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For German chemist Katharina Kohse-Hoinghaus, it was a huge surprise to get an invitation to a key meeting from newly-elected leader Xi Jinping just 20 days after he assumed his new role.
Xi Jinping, general secretary of the Communist Party of China Central Committee, meets a group of foreign experts working in China at the Great Hall of the People in Beijing on Dec 5, 2012. [Wu Zhiyi/China Daily]
She was even more surprised on Wednesday to find that she was among the first group of foreigners Xi met as leader of the Party.
She was one of 20 foreigners from 16 countries invited to a face-to-face discussion with Xi on China's development. Kohse-Hoinghaus, a world-renowned specialist in industrial combustion who has worked for about 10 years in China, said the meeting "demonstrates how serious you take the process of transformation and innovation in cooperation with other countries".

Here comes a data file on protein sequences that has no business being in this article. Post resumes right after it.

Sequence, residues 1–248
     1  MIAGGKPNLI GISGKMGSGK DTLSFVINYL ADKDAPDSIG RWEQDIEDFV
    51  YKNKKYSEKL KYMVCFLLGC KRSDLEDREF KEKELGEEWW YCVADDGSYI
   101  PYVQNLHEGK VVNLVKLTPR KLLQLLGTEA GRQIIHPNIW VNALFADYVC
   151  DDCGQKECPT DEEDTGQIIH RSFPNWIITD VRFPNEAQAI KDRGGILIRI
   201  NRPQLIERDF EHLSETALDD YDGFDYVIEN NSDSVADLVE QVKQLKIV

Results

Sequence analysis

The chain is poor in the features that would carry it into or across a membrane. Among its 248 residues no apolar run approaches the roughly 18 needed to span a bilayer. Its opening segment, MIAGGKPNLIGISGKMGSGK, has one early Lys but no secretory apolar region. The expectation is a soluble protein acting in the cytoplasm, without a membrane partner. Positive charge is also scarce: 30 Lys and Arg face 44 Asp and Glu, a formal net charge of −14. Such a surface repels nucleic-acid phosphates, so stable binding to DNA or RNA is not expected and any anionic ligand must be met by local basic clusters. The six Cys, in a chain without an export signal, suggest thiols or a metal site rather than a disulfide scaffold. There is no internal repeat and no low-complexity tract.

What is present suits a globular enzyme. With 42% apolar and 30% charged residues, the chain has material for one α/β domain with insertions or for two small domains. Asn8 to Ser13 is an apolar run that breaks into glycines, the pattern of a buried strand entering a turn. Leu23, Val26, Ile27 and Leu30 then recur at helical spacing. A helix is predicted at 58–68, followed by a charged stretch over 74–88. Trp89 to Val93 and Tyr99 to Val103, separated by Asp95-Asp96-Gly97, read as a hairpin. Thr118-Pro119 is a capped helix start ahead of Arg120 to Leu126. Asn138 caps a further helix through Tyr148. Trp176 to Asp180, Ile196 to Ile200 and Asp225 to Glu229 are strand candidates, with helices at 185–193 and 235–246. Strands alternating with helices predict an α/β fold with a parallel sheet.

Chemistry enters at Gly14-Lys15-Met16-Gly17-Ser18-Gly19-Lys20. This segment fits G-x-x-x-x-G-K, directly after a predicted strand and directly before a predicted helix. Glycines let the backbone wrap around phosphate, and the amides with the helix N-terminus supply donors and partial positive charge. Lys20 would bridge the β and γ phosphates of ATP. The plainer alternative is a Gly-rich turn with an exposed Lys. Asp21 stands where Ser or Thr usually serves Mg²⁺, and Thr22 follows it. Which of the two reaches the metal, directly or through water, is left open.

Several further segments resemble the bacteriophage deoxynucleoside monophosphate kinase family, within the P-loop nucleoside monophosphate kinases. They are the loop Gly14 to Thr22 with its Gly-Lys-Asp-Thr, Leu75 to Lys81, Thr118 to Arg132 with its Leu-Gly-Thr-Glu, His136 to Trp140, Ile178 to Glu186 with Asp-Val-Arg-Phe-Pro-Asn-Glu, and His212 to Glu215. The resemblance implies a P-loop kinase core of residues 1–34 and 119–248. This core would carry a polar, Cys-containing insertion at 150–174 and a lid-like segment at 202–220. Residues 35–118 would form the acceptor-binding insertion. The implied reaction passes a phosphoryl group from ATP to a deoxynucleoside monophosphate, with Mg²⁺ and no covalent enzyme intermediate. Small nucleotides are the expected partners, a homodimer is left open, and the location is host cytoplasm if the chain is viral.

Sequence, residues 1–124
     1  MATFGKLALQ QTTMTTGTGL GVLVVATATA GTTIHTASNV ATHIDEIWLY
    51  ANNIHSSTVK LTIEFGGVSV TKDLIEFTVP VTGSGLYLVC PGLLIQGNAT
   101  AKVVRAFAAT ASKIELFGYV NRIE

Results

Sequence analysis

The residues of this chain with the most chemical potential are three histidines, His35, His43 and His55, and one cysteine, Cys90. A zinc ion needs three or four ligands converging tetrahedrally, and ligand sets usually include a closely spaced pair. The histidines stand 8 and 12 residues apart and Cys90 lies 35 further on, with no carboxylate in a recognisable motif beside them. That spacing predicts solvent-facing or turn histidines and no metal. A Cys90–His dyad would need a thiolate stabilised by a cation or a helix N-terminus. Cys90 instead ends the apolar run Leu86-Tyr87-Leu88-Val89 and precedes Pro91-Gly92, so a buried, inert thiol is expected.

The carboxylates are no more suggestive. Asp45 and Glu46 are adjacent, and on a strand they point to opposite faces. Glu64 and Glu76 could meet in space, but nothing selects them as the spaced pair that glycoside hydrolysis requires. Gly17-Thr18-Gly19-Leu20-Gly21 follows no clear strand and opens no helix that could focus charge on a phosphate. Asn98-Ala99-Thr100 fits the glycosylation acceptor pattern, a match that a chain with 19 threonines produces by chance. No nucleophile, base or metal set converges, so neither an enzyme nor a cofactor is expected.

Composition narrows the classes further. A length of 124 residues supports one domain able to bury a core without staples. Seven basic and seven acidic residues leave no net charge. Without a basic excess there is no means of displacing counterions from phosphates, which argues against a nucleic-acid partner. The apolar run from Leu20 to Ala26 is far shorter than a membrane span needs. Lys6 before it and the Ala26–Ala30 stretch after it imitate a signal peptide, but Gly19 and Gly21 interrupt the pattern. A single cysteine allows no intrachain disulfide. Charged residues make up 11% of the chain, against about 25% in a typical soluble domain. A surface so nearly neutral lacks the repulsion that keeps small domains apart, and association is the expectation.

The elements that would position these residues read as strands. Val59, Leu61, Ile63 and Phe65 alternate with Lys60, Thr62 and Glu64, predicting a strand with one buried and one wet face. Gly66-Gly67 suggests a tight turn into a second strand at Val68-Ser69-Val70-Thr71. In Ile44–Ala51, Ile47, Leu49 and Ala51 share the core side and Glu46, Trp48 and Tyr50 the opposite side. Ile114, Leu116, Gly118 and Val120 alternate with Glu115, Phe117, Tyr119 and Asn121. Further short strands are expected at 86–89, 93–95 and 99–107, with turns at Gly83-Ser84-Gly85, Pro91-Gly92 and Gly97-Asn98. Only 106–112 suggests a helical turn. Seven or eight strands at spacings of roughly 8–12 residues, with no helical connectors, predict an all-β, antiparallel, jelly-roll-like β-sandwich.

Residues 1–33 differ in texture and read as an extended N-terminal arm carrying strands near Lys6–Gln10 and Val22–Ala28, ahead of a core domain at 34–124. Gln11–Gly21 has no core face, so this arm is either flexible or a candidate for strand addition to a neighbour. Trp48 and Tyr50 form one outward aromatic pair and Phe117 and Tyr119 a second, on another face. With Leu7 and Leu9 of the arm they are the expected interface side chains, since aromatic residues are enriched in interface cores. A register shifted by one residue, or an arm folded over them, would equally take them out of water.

It was the first time that Xi, the newly elected head of the Communist Party of China, met foreigners in this capacity.
Analysts said the meeting conveyed the new leadership's foreign policy blueprint, and sent a strong signal that China cherishes its ties with foreign countries and people, and will continue on its road of opening up and cooperation with the outside world.
"We are open to the world and we want to learn from the world ... We have learned from the past and realize we cannot succeed in our development behind closed doors," Xi said at the meeting.
Foreigners with expertise in their fields have contributed immensely to national development and are called foreign experts in China. They also bridge China and the outside world.
The number of foreign experts has risen from less than 10,000 at the end of the 1980s to around 530,000 by the end of 2011.
In the 80-minute meeting, Xi received a number of proposals, ranging from reforming universities to better accommodate the real needs of society to helping Chinese firms going abroad.